HC Deb 13 March 1905 vol 142 cc1168-70

Considered in Committee.

(In the Committee.)

[Mr. JEFFREYS (Hampshire, N.) in the chair].

Motion made, and Question proposed, "That, in lieu of the Stamp Duties which would have been payable upon the deeds or assurances which, in case the Bill had not been passed into an Act, would have been required to pass to and vest in the Society certain property, there be charged a Stamp Duty of five pounds, and such Duty shall be impressed upon the copy of the intended Act to be delivered to the Registrar of Joint Stock Companies under the section of this Act the marginal note whereof is 'Copy of Act to be registered.'"—(Mr. Caldwell.)

MR. WHITLEY (Halifax)

asked what was the estimated amount of the stamp duty which it was proposed to compound for the sum of five pounds. And further, he would like to know what was to become of the five pounds? Would it be applied to the reduction of debt or would it go into the ordinary revenue of the year?


said he was not aware that this question would arise, but he would communicate with the hon. Member the result of the inquiries he would undertake to make. He might explain that the composition of five pounds had been made in place of the stamp duty of ten shillings on every separate deed. The arrangement was a satisfactory one to all the parties concerned, including the Exchequer, and there would be no loss of revenue.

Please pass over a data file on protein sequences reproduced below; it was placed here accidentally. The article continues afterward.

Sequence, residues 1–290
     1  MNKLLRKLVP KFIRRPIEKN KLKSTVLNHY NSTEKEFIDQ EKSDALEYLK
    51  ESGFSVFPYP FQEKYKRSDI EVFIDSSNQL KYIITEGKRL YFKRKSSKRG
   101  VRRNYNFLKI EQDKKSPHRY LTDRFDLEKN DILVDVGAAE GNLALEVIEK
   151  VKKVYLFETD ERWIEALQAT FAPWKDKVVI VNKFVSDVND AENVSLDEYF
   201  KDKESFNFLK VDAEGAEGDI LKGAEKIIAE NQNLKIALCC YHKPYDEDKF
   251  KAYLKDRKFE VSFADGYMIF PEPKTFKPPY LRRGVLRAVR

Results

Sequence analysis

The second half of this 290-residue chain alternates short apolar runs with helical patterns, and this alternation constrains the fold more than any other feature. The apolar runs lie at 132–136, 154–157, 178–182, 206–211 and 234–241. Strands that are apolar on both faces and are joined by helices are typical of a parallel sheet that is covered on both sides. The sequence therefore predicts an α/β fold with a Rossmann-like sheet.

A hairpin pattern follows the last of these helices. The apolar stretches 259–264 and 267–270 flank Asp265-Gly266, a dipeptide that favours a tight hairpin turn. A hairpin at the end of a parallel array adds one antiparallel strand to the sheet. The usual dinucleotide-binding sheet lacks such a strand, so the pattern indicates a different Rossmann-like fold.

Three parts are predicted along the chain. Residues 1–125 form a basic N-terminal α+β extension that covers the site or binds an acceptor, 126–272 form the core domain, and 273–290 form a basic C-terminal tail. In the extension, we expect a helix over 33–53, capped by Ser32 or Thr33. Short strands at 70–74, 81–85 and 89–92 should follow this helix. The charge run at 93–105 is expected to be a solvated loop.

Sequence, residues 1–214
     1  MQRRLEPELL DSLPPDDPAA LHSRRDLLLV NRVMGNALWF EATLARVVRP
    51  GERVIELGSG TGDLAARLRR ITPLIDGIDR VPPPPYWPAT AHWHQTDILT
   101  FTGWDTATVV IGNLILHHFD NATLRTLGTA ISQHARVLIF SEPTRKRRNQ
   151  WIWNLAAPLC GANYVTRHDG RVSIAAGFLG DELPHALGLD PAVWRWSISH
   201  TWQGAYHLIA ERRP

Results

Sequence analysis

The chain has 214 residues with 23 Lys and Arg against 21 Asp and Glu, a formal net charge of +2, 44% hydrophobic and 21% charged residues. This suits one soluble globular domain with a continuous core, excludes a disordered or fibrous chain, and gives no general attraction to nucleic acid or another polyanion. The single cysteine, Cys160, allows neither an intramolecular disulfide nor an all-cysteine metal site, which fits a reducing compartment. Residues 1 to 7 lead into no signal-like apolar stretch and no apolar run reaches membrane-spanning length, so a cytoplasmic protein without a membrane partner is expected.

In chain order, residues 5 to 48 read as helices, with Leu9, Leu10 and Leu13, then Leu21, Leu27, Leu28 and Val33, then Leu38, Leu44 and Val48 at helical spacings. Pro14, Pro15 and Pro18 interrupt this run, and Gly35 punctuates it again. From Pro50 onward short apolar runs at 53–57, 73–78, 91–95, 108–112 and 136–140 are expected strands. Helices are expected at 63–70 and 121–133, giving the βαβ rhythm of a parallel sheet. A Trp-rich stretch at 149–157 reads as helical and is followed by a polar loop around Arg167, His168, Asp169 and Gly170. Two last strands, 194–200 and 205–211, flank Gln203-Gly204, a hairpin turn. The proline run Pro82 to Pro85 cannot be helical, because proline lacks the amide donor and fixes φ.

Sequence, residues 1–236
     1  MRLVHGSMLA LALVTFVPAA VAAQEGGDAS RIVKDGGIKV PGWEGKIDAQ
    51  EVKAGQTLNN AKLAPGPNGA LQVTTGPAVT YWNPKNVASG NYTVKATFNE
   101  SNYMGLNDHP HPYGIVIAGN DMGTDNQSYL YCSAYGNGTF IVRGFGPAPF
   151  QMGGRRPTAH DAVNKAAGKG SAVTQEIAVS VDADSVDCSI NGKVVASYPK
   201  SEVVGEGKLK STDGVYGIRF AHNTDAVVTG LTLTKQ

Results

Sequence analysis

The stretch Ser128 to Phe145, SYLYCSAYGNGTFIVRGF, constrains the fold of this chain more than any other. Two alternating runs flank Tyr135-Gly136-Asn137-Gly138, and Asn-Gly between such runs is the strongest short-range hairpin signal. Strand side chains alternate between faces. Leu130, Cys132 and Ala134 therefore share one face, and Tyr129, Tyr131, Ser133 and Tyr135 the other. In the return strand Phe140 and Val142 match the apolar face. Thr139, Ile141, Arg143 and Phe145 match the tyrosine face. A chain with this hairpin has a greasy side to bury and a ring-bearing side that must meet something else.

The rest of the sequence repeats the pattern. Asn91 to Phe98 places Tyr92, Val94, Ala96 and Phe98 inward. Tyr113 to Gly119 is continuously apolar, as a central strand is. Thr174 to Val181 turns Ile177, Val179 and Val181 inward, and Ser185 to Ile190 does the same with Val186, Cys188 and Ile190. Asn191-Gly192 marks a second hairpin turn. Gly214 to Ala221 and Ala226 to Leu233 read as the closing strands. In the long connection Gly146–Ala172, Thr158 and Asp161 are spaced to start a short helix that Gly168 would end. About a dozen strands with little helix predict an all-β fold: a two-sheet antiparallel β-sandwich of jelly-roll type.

reminded the hon. Gentleman that this stage had been twice postponed in order to get information from the Treasury. He thought it was important they should know what they were losing and what was to be done with the five pounds.


thought they might be content to let this matter go before the Committee. The question, as the hon. Member knew, was one which touched on the fringe of revenue and hence the necessity for this stage. A clause, of this nature could not be put into the Bill by the promoters. They were bound to get the sanction of the Treasury. After all, this was only a formal stage, the clause could be dealt with by the Committee upstairs, and, if necessary, when the Bill came back to the House the point could be again raised. The completion of this stage would not in any way hamper the Committee upstairs.


could not agree that this was a formal stage. It was a stage rendered necessary by the Standing Orders of the House, and he thought the questions put by the hon. Member for Halifax were extremely proper. They ought to have information on the points raised and they ought to know what was to be foregone in return for the composition.

And it being quarter past Three of the clock the debate stood adjourned.

Committee report Progress; to sit again upon Wednesday (Evening Sitting).